McNamara Phallacy – in blind love with simple measurement

Ever heard of the McNamara Phallacy? I first came across it when I read Charles Handy’s book “The Empty Raincoat” late in the 90’s. I might have still worked at IMS at the time, the medical statistics organization, that obviously believes in numbers.  It goes as follows: (Charles Handy, ‘The Empty Raincoat’, page 219 – called “The Age of Paradox” in the US…)

The first step is to measure whatever can be easily measured. This is OK as far as it goes.
The second step is to disregard that which can’t be easily measured or to give it an arbitrary quantitative value. This is artificial and misleading. 
The third step is to presume that what can’t be measured easily really isn’t important. This is blindness.
The fourth step is to say that what can’t be easily measured really doesn’t exist. This is suicide.

Named after Robert McNamara, the United States Secretary of Defense from 1961 to 1968, it refers to making a decision based solely on selected quantitative observations and ignoring all others. The reason given is often that these other observations cannot be proven. Interestingly, when McNamara’s counterpart at the time in Vietnam Vo Nguyen Giap, died in 2013, Time Magazine put out an article on that event. See the quote in the picture to prove the point. When you think you are winning based on body count, you forget that nationalism can be a much stronger driver. It  seems that McNamara changed his mind towards the end of the war, and his change of mind was not welcomed at all. An illustration of false consistency – once you say A, you have to say B as well. The combination of the Phallacy and false consistency is really suicide. In addition, the human lack of capability to deal with things that are delayed in time, is another nail in the coffin.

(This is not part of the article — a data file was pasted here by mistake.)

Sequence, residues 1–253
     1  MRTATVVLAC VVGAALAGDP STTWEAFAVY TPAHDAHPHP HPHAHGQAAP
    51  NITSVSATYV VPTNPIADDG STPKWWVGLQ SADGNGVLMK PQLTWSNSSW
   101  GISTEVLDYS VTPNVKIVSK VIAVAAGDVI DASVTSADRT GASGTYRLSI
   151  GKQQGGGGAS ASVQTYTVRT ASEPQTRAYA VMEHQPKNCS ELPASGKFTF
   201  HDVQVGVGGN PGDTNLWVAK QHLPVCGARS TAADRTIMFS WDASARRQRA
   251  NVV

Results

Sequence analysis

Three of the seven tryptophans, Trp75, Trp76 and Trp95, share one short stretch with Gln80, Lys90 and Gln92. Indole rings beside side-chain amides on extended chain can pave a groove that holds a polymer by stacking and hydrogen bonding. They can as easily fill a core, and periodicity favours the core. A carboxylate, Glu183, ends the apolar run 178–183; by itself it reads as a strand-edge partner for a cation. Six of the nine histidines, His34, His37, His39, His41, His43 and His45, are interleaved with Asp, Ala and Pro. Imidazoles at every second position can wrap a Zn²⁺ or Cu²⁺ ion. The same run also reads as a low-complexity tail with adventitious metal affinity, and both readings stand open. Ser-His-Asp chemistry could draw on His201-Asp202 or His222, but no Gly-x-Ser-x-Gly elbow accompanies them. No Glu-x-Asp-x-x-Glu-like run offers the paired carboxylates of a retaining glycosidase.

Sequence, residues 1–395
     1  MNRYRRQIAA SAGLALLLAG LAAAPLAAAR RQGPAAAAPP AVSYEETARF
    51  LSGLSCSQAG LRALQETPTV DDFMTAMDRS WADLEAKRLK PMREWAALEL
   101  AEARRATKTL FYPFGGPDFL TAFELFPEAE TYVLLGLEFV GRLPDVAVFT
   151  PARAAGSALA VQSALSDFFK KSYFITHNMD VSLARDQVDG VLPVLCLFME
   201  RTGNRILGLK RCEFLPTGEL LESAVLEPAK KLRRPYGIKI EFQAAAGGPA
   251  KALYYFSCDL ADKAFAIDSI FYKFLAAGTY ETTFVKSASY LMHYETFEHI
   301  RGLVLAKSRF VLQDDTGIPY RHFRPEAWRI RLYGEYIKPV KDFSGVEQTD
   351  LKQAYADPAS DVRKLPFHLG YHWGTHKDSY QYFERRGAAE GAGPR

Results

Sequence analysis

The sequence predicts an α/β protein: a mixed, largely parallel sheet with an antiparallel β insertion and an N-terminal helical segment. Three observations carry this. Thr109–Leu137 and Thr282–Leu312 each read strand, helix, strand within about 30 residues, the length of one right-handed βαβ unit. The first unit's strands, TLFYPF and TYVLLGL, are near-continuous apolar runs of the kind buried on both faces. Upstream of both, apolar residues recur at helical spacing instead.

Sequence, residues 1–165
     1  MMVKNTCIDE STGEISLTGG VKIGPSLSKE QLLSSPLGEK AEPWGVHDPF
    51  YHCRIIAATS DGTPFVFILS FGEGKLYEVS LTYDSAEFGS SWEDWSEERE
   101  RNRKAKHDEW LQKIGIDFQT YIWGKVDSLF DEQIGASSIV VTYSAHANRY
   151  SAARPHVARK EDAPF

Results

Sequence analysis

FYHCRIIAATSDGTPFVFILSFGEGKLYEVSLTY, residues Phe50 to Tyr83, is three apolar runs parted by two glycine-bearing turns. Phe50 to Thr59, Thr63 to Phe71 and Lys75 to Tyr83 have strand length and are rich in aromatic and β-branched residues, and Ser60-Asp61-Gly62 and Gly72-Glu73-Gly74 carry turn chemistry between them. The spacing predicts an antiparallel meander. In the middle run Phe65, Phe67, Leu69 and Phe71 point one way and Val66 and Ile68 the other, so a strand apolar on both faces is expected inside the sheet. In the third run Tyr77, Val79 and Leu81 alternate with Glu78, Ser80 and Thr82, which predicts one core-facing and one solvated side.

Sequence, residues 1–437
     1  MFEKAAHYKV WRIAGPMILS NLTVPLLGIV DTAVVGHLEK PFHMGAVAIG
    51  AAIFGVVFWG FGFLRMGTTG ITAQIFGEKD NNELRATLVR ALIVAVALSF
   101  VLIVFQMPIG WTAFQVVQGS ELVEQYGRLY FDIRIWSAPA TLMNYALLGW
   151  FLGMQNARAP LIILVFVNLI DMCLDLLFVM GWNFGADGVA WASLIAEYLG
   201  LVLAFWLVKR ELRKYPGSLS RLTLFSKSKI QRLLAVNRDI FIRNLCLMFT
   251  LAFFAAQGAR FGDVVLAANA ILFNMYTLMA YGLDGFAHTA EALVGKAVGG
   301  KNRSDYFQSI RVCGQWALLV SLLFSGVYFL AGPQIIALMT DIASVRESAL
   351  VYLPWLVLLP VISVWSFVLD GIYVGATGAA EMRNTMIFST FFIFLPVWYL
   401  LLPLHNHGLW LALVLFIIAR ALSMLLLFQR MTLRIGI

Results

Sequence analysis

McNamara_VoNguyenGiap  McNamara Phallacy - in blind love with simple measurement McNamara VoNguyenGiap

Why I am compelled to write about this? To raise your awareness and embark you on a quest to weed these out.

On the one hand, I think it is one way humans deal with complexity. It is compellingly simple.  Once we identify a target that we believe to be a root cause for something, we forget everything else, and we cling onto that target as if that is the last thing in life. We sell it as “keeping things simple and pragmatic”. Heaven forbid we admit that we do not understand what is really going on.

However,  on the other hand, “Everything should be as simple as it can be, but not simpler,” is a quote attributed to Einstein with a lot to truth. We have the biggest brain of all mammals, and at least got the potential to use it. We should not put our future in the hands of others without applying some scrutiny. We have to connect the left hand with the right hand.


Let’s look at some examples of the McNamara Phallacy all over daily life:

  • In medicine and healthcare. We take one, easy to measure way of treating a disease as the only way, ignoring other ways, because they cannot (or have not) been proven. Seen in cholesterol, cancer, fat, and thyroid fallacies.  Measuring simply the rise of diabetes and trying to treat it, while ignoring the food recommendation of governments and nutritionists.
  • In politics. Politicians run with an easy number, ignoring anything else. An example – unemployment numbers fallacy, where we modify the definition e.g. into a Harz IV number, disregarding the damage to human dignity and potential. We cannot prove that Harz IV people can develop, therefore it is not important.